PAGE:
Further study of the data indicates that the tensile strength of the concrete on the approaches to the bridges is approximately 80% greater than that for the bridge deck concrete. The average failure tensile stress for cores taken on the bridge deck is 523 kPa, while for the approaches it is 938 kPa (excluding core E6).
Visual examination of the fracture surface of the cores indicates that the failures are a combination of aggregate-paste bond failure, coarse aggregate failure and paste failure. Approximately 65% of the fractures appear to be due to failure in the bond between the aggregate and the paste fraction. The remaining 25% are due to a combination of coarse aggregate fractures and paste failures. Also evident from visual examination of the cores is a significant amount of entrapped air voids. This may be an indication that the low slump fiber reinforced HPC was not properly consolidated. Figure 3 gives a fracture surface view of pull-off cores E2 and E3.
Laboratory Tensile Test Results
South Dakota School of Mines and Technology (SDSM&T) also retrieved conventional 100 mm diameter companion cores from the bridge decks at the time of field testing. These cores were retrieved for subsequent laboratory tensile testing to correlate with the field pull-off data. The laboratory tensile cores were advanced in the same general location as the companion field pull-off test. The laboratory tensile test performed by SDS&MT is very similar to the field pull-off test. The tensile load is applied to the core through the use of metal disks with pull-pins bonded to the top (overlay side) and bottom (substrate side) of the core. Each core is sawed flat on the bottom prior to adhering the metal disk to it. In this case a Tinius Olsen load frame was used to apply the load to the pull pins until failure. Details of the laboratory tensile test are described in SDSM&T's report to SDDOT.5 Table 3 includes the data from the laboratory tensile testing, and shows a comparison of tensile strengths from the laboratory test versus the pull-off test.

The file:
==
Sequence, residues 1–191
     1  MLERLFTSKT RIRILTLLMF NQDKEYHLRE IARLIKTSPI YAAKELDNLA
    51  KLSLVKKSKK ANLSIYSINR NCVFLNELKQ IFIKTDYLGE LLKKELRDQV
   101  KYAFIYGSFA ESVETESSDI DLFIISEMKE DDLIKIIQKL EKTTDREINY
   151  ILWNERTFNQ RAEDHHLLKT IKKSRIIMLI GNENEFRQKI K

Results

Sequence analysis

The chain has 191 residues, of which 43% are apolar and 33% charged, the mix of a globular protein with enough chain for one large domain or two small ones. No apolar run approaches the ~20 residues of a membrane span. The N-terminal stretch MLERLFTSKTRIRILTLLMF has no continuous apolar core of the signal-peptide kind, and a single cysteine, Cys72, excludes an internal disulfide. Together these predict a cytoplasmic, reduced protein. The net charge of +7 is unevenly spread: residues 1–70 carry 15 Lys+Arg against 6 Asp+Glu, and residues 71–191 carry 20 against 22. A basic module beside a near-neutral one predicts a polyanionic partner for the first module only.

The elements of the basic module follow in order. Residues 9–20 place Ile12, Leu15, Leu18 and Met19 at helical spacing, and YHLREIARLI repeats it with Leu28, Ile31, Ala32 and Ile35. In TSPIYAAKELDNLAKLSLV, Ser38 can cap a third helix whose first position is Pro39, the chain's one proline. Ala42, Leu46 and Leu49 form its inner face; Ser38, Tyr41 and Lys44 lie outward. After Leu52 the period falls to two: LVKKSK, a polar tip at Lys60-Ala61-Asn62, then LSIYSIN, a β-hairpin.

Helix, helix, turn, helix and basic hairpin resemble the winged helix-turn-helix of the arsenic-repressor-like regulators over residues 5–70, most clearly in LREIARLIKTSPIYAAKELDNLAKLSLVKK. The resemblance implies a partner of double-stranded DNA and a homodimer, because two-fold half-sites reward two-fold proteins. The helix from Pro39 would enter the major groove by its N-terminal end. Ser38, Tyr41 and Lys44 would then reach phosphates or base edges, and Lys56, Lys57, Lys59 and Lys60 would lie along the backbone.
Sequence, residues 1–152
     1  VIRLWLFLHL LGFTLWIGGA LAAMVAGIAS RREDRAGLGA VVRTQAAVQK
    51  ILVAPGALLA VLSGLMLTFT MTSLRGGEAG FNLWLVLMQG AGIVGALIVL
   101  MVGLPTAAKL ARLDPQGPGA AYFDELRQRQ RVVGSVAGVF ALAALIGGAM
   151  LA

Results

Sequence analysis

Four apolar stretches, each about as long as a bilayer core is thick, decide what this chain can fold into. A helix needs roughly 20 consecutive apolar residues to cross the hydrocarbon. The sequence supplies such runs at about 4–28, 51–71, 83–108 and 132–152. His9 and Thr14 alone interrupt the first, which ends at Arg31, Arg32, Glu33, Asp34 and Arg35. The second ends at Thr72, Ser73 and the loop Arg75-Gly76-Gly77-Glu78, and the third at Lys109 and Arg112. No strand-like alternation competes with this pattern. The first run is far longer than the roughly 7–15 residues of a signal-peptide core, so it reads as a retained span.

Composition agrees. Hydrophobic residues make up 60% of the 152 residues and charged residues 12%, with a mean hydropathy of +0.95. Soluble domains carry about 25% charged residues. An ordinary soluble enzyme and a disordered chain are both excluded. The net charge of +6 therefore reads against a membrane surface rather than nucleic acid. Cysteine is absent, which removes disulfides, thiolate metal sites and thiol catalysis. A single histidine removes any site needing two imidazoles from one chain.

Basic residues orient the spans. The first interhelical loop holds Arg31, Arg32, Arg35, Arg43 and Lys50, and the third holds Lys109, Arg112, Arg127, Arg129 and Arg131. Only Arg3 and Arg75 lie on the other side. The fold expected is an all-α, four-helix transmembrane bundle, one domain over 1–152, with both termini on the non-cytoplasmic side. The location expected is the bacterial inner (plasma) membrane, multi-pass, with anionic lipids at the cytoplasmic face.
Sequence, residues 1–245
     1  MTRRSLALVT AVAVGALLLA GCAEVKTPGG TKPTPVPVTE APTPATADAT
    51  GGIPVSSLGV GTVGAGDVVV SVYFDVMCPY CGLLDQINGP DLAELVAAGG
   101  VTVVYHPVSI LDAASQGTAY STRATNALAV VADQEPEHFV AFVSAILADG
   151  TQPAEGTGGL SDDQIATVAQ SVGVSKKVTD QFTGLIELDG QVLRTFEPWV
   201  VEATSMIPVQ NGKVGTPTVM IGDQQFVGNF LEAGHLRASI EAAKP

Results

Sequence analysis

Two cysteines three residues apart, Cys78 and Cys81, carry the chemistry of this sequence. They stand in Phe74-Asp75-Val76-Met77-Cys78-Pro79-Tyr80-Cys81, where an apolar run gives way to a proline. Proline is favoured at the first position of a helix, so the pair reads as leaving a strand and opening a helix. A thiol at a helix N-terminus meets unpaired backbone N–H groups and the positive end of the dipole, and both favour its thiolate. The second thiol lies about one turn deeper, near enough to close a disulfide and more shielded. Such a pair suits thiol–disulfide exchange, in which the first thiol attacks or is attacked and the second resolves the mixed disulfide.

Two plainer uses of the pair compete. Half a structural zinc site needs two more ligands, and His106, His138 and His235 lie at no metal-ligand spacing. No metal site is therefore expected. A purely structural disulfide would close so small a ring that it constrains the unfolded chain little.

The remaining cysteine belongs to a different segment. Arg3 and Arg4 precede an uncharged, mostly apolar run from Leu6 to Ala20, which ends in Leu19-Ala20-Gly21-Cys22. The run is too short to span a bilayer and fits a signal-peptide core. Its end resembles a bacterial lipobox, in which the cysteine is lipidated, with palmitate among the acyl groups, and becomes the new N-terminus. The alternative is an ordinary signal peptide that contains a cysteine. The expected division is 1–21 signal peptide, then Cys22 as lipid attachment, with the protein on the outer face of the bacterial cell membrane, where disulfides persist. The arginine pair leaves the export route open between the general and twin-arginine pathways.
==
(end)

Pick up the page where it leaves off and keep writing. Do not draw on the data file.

As with the pull-off test, laboratory tensile tests of cores from the bridge approaches exhibit greater average tensile strengths than cores from the bridge deck. In all cases, the failures occurred in the substrate concrete just below the bond surface. Visual examination of the fracture surface of the laboratory cores indicates that the cores fractured in a similar manner to the field pull-off cores. Failures were a combination of aggregate-paste bond failure, coarse aggregate failure and paste failure, with approximately 50% of the fractures due to failure in the bond between the aggregate and the paste fraction.
From a practical standpoint, the average tensile strengths measured with the two methods are not substantially different. Although the difference appears large relative to the magnitude of the strength, the overall tensile strengths are so low that the results are much more sensitive to variations in such things as test alignment (load eccentricities) and load rate. In an effort to quantify the relative difference in consistency of the two test methods, analysis of the coefficient of variance (COV) was employed. COV is more appropriate for this purpose than standard deviation due to the significant variation in averages. The coefficient of variance (COV) for all field pull-off tests conducted on the bridge decks is 31%. The COV for all laboratory tensile tests conducted on the bridge deck cores is 49%. These COV's are relatively high and suggest that the test data is quite variable. Although, it should be noted that the magnitude if the COV is not as important in this particular case as the relative difference in COV between the two tests. The magnitude of the COV is not only a function of the precision of the test method, but also of the variability of the tensile strength in the decks. Consequently, if the test methods are reasonably similar in precision, their COV should be similar as well. In this case, considering the magnitude of the COV, their relative difference is acceptable, and the two test method's results may be considered comparable.
Summary of Results
The measured tensile strengths are variable to very variable, and are lower than expected. All failures occurred in the substrate material, close to the bond interface, suggesting that the bond and the repair material are stronger than the underlying bridge deck concrete. From visual examinations of the fracture surfaces, the fractures were primarily in the interface between the coarse aggregate and the paste fraction. There was also evidence of fractures through aggregate particles and cracks through the paste. The presence of significant entrapped air suggests that the HPC overlay may not have been properly consolidated. The tensile strengths are on average significantly greater on the approaches to the bridge than on the bridge decks themselves. There are no significant differences in the results from the field pull-off test and the laboratory tensile test.
Based on results gathered during this evaluation, the following conclusions may be drawn: